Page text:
View Navigation


  • Justluxe
  • LuxeEpicure
  • LocalLuxe
  • LuxeEscapes

Makeup Expiration Dates

Buy it, tag it, use it - toss it!

How old is your makeup? Do you hang onto discontinued colors even though they are far past their prime? Makeup applies better and stays on longer when it is still good, not to mention that keeping it clean and current reduces the chance of infection.

  • Foundation and Concealing Liquids: Two years. Exposure to oxygen breaks down the compounds, so toss it sooner if discolorization occurs or if it begins to separate.

  • Eye Shadow, Face Powders and Powder Blush: Two years. Get rid of it when powders begin to crumble or become overly shiny.

  • Cream Blush: Two years. If product becomes overly oily or discolored, you can probably blame bacteria (if you apply with your hand).

  • Mascara: Three months. Every time you apply mascara, you are transferring bacteria from your eye to the wand, back to the eye. Mascara should be the makeup you replace most often. If your mascara becomes dry, clumpy, or sticky, head to the makeup counter.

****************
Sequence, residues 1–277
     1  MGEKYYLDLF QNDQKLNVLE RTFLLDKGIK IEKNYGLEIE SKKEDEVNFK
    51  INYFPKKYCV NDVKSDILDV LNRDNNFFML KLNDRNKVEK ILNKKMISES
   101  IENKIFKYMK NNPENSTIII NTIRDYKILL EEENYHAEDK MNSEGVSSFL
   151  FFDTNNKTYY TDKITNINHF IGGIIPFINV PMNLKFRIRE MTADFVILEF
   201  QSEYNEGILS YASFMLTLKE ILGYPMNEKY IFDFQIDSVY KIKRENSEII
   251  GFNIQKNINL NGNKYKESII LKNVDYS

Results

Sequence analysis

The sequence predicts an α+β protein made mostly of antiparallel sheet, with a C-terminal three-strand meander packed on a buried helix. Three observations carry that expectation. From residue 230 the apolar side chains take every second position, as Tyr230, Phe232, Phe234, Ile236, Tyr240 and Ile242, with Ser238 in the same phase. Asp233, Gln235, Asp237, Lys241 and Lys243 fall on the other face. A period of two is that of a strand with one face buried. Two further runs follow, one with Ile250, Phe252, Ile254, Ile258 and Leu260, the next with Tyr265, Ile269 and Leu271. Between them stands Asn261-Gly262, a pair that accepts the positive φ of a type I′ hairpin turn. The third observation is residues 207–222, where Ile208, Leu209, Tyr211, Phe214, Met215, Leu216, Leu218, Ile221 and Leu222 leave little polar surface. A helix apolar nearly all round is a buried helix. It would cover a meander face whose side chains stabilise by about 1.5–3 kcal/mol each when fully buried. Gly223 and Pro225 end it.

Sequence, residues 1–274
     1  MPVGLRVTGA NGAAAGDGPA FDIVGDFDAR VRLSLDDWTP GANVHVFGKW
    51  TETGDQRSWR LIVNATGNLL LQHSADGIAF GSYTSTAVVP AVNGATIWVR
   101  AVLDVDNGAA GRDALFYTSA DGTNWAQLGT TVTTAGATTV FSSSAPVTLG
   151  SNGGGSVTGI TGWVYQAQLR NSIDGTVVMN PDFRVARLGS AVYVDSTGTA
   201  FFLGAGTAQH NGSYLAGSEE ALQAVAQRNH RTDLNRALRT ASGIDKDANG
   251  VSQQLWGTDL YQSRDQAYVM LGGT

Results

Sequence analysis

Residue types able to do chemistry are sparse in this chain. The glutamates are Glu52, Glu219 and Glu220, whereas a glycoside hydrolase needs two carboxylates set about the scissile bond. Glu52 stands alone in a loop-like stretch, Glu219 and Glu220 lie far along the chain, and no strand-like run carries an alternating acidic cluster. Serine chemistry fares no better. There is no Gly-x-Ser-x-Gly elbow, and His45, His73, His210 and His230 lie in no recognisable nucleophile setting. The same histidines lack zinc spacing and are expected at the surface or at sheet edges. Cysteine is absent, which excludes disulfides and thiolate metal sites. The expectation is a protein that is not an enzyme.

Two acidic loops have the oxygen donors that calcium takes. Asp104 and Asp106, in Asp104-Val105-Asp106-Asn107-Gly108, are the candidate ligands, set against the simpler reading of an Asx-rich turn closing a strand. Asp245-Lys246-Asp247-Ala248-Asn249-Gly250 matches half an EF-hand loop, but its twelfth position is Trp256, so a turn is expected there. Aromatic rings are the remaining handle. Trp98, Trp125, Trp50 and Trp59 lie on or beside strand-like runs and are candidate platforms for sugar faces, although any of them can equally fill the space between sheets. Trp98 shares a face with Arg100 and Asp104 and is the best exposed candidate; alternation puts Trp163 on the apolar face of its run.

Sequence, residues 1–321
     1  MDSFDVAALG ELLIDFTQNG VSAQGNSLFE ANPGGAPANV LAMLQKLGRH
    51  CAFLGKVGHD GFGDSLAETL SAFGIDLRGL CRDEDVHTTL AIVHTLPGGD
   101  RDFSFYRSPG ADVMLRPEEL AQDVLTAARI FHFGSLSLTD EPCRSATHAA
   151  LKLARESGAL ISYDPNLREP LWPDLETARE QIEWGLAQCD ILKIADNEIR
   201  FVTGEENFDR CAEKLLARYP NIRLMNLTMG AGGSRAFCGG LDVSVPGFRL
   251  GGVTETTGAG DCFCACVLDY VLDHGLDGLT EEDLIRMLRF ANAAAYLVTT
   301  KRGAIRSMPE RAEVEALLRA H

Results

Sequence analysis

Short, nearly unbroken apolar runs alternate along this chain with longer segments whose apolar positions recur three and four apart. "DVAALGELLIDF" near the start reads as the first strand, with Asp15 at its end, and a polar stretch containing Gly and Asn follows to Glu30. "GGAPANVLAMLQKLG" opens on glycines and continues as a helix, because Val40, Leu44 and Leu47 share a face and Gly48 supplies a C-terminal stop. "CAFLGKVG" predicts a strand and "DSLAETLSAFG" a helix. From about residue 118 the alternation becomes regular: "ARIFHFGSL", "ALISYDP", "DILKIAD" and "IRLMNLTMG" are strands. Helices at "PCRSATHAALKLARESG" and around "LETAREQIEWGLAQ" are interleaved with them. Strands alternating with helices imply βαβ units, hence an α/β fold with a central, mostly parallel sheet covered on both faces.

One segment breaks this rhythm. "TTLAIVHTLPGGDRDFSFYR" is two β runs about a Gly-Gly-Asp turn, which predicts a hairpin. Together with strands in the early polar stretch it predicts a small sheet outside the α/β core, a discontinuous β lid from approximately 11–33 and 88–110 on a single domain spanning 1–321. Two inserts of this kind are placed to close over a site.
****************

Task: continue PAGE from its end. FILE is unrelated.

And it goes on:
• Liners: Three years. Sharpening pencils often reduces transfer of bacteria between the liner and your face. If it becomes very dry or oily, it’s time to replace it!

  • Lip Gloss: Two years. Because the wand transfers bacteria into the tube, it is a good idea to apply gloss with a brush. Don’t “pump” the wand into the bottle - this creates air bubbles, cutting life expectancy in half.

  • Lip Stick: Three years. Apply directly or with a brush, clean surface with a soft tissue often to remove bacteria.

  • Perfume: Two years. You can usually tell a perfume has turned when the scent has changed. Do you keep a beautiful bottle display? Exposure from light and oxygen will cause perfume to deteriorate faster, so keep your favorites in a cabinet or out of direct light.

NEED A DATE OF PURCHASE REMINDER? Mark makeup container with the purchase date so you know when to toss it out.

This post originally appeared at

Stefanie Payne

I am a product development lead in NASA's human exploration deep space program at headquarters in Washington, DC. When I am not telling the story of human exploration in space, my focus is on writing about travel on Earth—with articles appearing in The Huffington Post, The Travel Channel, blogs for The National Geographic Society, The Wall Street Journal, BusinessInsider, IBTimes and more. ...(Read More)

Related Articles

Around the web